A quarter of Germans have anti-Semitic thoughts, new survey finds

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A quarter of Germans have anti-Semitic thoughts, new survey finds
A man wearing a kippa in Berlin. Photo: DPA

A new survey by the World Jewish Congress found that a quarter of the German population have what they call 'anti-Semitic thoughts'.


A full 27 percent of all Germans and 18 percent of a population group categorized as “elite" - or university graduates with an annual income of at least €100,000 - have anti-Semitic thoughts, according to the survey. 

Another 41 percent think that Jews talk too much about the Holocaust, the representative survey of the World Jewish Congress (WJC), reported in German daily Süddeutsche Zeitung, showed. 

Yet every fourth interviewee considered it possible that "something like the Holocaust can repeat itself in Germany today".

The WJC, the umbrella organization of Jewish communities and organizations from more than 100 countries, had interviewed 1,300 people around Germany two and a half months before the attack on the synagogue in Halle.

READ ALSO: What we know about the synagogue shooting in Halle

The overwhelming majority of the population furthermore sees growing anti-Semitism as a trend, and associates it with the success of right-wing extremist parties. 

The connection is recognized by 65 percent of Germans and 76 percent of the "elite."

Twenty-eight percent of them claim that Jews have too much power in the economy, while 26 percent think that they have "too much power in world politics" - statements that belong to the classic repertoire of anti-Semitism. 

Almost half of them (48 percent) claim that Jews are more loyal to Israel than to Germany.

Growing willingness to take action

At the same time, according to the study, there is a growing willingness in Germany to take action against anti-Semitism.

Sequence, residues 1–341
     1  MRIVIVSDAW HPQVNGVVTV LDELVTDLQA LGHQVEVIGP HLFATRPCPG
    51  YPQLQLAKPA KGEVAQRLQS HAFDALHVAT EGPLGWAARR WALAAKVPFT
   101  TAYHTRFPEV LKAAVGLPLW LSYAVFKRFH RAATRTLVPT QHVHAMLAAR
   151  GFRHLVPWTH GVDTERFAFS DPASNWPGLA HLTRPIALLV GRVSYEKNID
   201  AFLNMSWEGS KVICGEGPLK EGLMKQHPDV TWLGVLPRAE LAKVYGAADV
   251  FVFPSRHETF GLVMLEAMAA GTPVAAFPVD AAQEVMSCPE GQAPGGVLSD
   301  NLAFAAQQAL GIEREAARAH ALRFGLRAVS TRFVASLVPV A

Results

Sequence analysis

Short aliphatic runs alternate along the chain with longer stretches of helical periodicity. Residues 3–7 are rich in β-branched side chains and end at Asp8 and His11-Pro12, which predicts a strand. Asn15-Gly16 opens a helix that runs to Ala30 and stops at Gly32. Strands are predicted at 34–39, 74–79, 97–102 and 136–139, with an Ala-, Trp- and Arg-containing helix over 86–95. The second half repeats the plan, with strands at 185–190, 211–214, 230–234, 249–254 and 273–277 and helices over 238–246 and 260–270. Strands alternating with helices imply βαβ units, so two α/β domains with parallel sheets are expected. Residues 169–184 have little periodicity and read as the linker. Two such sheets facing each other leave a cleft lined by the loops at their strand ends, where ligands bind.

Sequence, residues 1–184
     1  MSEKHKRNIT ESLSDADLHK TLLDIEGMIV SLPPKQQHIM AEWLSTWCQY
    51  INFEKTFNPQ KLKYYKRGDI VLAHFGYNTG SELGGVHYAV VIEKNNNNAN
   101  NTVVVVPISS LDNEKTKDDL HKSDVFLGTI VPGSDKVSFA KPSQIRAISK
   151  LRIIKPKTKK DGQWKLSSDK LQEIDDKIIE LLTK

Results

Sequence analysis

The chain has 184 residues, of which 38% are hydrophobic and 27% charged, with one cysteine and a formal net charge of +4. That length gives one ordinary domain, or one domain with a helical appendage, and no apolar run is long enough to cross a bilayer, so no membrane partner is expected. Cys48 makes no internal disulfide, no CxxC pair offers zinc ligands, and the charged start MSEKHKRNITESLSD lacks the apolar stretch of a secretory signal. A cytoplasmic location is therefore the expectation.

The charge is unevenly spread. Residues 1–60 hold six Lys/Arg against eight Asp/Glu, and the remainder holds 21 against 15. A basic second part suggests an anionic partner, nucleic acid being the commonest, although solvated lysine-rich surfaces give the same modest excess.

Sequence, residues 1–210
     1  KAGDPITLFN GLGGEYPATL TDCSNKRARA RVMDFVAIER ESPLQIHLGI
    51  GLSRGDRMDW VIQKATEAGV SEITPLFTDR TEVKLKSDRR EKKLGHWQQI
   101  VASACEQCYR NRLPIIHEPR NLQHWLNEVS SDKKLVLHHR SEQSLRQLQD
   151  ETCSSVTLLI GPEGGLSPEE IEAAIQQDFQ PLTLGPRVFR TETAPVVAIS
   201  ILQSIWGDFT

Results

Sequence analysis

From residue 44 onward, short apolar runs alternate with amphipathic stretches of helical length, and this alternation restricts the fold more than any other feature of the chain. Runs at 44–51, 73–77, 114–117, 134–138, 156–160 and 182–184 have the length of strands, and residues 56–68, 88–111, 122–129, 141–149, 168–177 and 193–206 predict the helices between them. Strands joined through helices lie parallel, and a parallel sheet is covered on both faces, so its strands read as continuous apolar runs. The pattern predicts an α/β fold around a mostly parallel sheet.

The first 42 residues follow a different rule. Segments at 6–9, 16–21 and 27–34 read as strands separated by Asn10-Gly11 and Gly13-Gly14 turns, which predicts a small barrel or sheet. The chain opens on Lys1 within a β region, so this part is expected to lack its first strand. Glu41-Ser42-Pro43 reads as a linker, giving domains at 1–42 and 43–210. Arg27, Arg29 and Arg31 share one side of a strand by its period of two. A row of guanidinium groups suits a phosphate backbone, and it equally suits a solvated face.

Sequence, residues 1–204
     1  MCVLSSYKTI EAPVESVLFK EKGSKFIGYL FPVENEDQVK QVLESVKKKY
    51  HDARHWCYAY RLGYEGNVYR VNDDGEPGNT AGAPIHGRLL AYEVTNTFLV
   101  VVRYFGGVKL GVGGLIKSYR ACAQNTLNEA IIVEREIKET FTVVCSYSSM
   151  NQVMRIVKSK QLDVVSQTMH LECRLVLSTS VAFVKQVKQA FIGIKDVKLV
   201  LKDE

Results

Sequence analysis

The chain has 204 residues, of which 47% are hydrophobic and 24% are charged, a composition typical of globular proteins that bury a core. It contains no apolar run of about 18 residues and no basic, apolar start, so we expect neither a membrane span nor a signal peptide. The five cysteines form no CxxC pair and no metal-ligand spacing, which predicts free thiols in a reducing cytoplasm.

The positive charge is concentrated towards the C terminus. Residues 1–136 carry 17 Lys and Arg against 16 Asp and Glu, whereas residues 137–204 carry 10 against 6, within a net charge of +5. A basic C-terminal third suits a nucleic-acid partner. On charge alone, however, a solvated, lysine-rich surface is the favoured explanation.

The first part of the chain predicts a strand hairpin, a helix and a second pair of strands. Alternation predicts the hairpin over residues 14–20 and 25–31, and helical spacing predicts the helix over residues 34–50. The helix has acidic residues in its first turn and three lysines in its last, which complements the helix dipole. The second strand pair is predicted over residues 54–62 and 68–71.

Two thirds of the "elite" would sign a petition against it, and one third of all respondents would take to the streets against anti-Semitism. 

About 60 percent felt that Jews are exposed to a risk of violence or hateful verbal attacks. Nevertheless, only 44 percent at the time were concerned about violence against Jews or Jewish institutions.

READ ALSO: 'Drastic increase' of violent anti-Semitic attacks in Berlin, according to figures

The President of the World Jewish Congress, Ronald S. Lauder, said that anti-Semitism had reached a crisis point in Germany. 

"It is time for the whole of German society to take a stand and fight anti-Semitism head-on,” said Lauder. 

“Germany has a unique obligation to prevent the return of intolerance and hatred. If more than a quarter of society identifies with anti-Semitism, it is time for the remaining three quarters to defend democracy and tolerant societies.”

READ ALSO: 'It doesn't change my feeling about Germany': Jewish community fearful but defiant after Halle attack


University graduates - (die) Hochschulabsolventen

Growing anti-Semitism - Wachsender Antisemitismus

statements/assertions - (die) Aussagen 

A unique obligation - eine einmalige Verpflichtung

Defend - verteidigen

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Anonymous 2019/11/08 10:26
Every nation is anti-semitic. Everybody fears the cultures they don't know. Considering Germany was rushed by a wave of migrants the last few years, it's normal they feel fear and anguish. That's why they might answer that they don't want strangers in their country because they didn't ask for them.
Anonymous 2019/10/28 20:17
A quick google tells me that about 20% of Americans polled as antisemitic. So it seems that is just the ambient level.
Anonymous 2019/10/24 20:29
The survey that is the basis of this news item is a bit tenuous. One suspects that a similar proportion of French, British, Italian, Spanish and Eastern European's harbour the same views as Germans. The difference is that Germans are more honest in answering survey questions. Furthermore, an increasing challenge is the ever widening definition of anti-semitism. For example, one can now be labelled anti-Semitic for criticising Israeli policies of appropriating Arab lands on the West Bank. The whole thing is a minefield.<br />My personal observations are that one is far more likely to attract the attention of the law for genuine anti-semitism in Germany than in most other European countries and that can only be a good thing.

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